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Australian Dictionary of Biography

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Hull, George (1787–1879)

by E. R. Pretyman

This article was published in Australian Dictionary of Biography, Volume 1, (MUP), 1966

George Hull (1787-1879), assistant commissary general, was born on 13 August 1787 in the parish of Iwerne, Dorset, England, son of Thomas Hull, a farmer and an officer in the county militia, and his wife Catherine, née Short. After receiving a classical education he was articled to a solicitor at Mitcham with the intention of following a legal profession, but learnt of the demand for accountants on the Commissariat Department staff in the war in Spain. Through the influence of Sir Mark Wood, he was offered and accepted a Treasury clerkship. He sailed for Lisbon in 1810. In 1814 he received from the Duke of Wellington a commission as assistant to the commissary-general. At the end of the war he returned to England, and married Anna (1800-1877), only daughter of Lieutenant Hugh Munro, formerly of the Scots Guards. For three years he served at Somerset House. In 1818 he was ordered on foreign service and was given an option of proceeding to Canada or to New South Wales. He chose the latter and with his wife and two children reached Sydney in the Tyne on 4 January 1819. He took up the administration of the Commissariat Department at Parramatta, but in September was transferred to Van Diemen's Land. Here, in the opinion of Lieutenant-Governor William Sorell, Hull assumed unwarranted powers, just as Commissary Frederick Drennan was trying to do in Sydney and the matter was referred to Macquarie. The governor, whose own position in the dispute had been supported in London, now backed up Sorell in his turn, although Commissioner John Thomas Bigge agreed that the lieutenant-governor should not refuse Hull the usual indulgences if he decided to settle in the colony.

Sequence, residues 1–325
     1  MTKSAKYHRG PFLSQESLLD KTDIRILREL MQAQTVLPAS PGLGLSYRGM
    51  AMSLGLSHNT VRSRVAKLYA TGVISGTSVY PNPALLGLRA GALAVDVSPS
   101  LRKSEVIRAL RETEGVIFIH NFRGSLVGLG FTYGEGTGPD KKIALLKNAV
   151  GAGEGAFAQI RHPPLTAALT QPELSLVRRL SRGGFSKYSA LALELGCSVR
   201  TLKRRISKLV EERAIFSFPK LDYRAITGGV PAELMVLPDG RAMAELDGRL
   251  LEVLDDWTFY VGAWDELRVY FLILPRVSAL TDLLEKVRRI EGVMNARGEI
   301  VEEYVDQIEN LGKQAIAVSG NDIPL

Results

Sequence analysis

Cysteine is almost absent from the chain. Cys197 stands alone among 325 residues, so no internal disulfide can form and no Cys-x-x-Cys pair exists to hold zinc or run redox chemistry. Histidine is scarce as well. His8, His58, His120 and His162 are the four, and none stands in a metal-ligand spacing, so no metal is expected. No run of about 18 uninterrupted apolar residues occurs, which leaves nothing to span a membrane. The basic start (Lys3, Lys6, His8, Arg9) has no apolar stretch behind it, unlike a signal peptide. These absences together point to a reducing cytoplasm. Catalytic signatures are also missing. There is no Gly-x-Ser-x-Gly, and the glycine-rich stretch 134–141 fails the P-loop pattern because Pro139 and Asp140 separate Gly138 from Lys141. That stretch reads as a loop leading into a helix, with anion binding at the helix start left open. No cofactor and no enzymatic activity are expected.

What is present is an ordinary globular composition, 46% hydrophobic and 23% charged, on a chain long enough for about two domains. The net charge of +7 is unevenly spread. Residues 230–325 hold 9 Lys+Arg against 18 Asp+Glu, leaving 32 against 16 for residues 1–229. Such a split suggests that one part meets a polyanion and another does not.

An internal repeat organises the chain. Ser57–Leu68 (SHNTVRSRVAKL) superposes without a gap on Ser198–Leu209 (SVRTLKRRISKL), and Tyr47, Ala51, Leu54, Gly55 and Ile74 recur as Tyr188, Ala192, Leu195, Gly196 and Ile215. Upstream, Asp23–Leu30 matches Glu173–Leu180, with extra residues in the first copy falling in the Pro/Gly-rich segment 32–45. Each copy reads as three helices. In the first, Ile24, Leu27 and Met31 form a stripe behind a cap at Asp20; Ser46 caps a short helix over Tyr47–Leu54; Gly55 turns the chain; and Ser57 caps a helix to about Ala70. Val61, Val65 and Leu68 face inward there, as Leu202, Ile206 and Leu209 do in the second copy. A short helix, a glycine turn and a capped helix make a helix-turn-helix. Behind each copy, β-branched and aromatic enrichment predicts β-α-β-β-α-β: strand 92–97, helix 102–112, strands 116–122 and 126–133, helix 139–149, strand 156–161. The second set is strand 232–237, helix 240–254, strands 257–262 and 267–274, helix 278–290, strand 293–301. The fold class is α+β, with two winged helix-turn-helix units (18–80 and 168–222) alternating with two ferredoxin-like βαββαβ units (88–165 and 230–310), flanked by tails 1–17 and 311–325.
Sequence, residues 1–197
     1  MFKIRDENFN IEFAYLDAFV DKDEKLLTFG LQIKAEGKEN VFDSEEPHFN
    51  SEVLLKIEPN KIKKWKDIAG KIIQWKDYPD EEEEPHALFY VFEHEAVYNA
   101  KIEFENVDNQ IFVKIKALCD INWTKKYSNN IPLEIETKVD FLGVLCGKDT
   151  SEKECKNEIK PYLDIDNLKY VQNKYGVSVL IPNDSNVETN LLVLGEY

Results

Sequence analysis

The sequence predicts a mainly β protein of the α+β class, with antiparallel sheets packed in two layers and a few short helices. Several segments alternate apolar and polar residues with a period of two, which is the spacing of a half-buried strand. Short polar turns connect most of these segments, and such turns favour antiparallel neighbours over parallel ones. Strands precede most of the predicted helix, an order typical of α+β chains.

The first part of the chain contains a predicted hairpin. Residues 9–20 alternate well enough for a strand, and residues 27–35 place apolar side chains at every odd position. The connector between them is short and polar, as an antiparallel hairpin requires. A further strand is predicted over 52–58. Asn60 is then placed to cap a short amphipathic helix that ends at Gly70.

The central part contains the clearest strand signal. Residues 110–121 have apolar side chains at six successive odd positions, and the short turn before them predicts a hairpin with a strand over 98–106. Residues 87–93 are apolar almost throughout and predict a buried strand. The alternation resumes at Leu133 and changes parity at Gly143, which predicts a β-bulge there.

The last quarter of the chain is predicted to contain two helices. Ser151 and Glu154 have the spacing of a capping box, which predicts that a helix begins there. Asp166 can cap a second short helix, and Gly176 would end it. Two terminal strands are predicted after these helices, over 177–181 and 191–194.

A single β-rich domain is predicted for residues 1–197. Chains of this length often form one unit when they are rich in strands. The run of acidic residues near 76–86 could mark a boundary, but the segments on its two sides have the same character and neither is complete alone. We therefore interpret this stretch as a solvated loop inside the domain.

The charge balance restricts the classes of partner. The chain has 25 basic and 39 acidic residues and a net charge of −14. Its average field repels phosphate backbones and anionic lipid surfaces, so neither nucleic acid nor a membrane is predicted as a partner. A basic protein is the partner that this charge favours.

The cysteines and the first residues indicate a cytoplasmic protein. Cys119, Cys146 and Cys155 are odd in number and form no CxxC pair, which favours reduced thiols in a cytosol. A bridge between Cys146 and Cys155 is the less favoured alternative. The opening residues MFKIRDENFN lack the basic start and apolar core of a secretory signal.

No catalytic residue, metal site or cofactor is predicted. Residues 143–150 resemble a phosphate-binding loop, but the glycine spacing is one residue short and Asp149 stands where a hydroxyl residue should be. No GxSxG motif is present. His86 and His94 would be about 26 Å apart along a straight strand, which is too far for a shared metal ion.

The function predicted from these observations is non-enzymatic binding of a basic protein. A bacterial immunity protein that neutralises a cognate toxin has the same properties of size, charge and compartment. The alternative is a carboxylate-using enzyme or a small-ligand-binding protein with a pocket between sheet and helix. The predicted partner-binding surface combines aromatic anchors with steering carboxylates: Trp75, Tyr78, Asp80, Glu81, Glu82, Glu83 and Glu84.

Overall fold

In 1824 Hull applied for a land grant under conditions offered to army officers on half-pay in New South Wales. For his military and other services he received 2560 acres (1036 ha) near Glenorchy. Here he built his home Tolosa, traditionally named because a workman's remark that the house was 'too low, sir' reminded Hull of the name of the Spanish town in which he had served. In 1828, in addition to other official duties, he was called upon to act as collector of internal revenue at Launceston and to unravel confusion in the accounts of a defaulting Naval Officer in Hobart Town. Next year he applied for the position of postmaster at Launceston but was refused. In 1831 he was obliged to retire from the Commissariat Department, as he was becoming too deaf, but in July 1832 was appointed a justice of the peace, and in 1837 held the position of assistant to the director-general of roads. In 1839 he was fulfilling the duties of sitting magistrate and in 1841 suggested that he might be appointed visiting magistrate as well. He then spent many years seeing to the cultivation of his large property but when his health began to fail he moved to live with his daughter at Battery Point and died there on 23 June 1879. He was survived by 10 children, 75 grandchildren and 24 great-grandchildren. He was buried with his wife in the grounds of St John's Church, New Town.

Select Bibliography

  • Historical Records of Australia, series 1, vol 10, series 3, vols 2-5
  • Hobart Town Gazette, 3 Aug 1832
  • Hobart Town Courier, 13 Oct 1837
  • E. R. Pretyman, Notes on the Life of H. M. Hull (privately held)
  • OD 27/670, 67/147 (Archives Office of Tasmania)
  • CSO 1/155/2275, 1/442/9846, 1/839/17775, 5/56/1239, 5/289/772 (Archives Office of Tasmania).

Citation details

E. R. Pretyman, 'Hull, George (1787–1879)', Australian Dictionary of Biography, National Centre of Biography, Australian National University,, published first in hardcopy 1966, accessed online 23 September 2020.

This article was first published in hardcopy in Australian Dictionary of Biography, Volume 1, (MUP), 1966

View the front pages for Volume 1

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